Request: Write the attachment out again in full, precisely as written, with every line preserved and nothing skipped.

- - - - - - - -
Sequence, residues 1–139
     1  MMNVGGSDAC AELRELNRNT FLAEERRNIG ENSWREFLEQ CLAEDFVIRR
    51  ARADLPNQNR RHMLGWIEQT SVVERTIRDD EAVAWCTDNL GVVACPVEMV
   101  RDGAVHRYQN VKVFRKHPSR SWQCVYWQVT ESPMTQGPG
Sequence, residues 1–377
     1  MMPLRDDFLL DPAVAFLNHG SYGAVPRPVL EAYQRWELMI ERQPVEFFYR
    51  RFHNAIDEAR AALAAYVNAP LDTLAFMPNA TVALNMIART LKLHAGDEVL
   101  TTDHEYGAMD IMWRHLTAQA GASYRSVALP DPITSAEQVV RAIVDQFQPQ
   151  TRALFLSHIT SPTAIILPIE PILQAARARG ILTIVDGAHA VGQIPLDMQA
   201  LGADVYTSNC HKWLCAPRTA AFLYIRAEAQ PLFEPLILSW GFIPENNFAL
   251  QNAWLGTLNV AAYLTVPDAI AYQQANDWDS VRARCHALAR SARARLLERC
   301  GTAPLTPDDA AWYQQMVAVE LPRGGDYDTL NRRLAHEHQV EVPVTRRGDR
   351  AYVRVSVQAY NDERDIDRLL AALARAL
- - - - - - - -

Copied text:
Sequence, residues 1–139
     1  MMNVGGSDAC AELRELNRNT FLAEERRNIG ENSWREFLEQ CLAEDFVIRR
    51  ARADLPNQNR RHMLGWIEQT SVVERTIRDD EAVAWCTDNL GVVACPVEMV
   101  RDGAVHRYQN VKVFRKHPSR SWQCVYWQVT ESPMTQGPG
Sequence, residues 1–377
     1  MMPLRDDFLL DPAVAFLNHG SYGAVPRPVL EAYQRWELMI ERQPVEFFYR
    51  RFHNAIDEAR AALAAYVNAP LDTLAFMPNA TVALNMIART LKLHAGDEVL
   101  TTDHEYGAMD IMWRHLTAQA GASYRSVALP DPITSAEQVV RAIVDQFQPQ
   151  TRALFLSHIT SPTAIILPIE PILQAARARG ILTIVDGAHA VGQIPLDMQA
   201  LGADVYTSNC HKWLCAPRTA AFLYIRAEAQ PLFEPLILSW GFIPENNFAL
   251  QNAWLGTLNV AAYLTVPDAI AYQQANDWDS VRARCHALAR SARARLLERC
   301  GTAPLTPDDA AWYQQMVAVE LPRGGDYDTL NRRLAHEHQV EVPVTRRGDR
   351  AYVRVSVQAY NDERDIDRLL AALARAL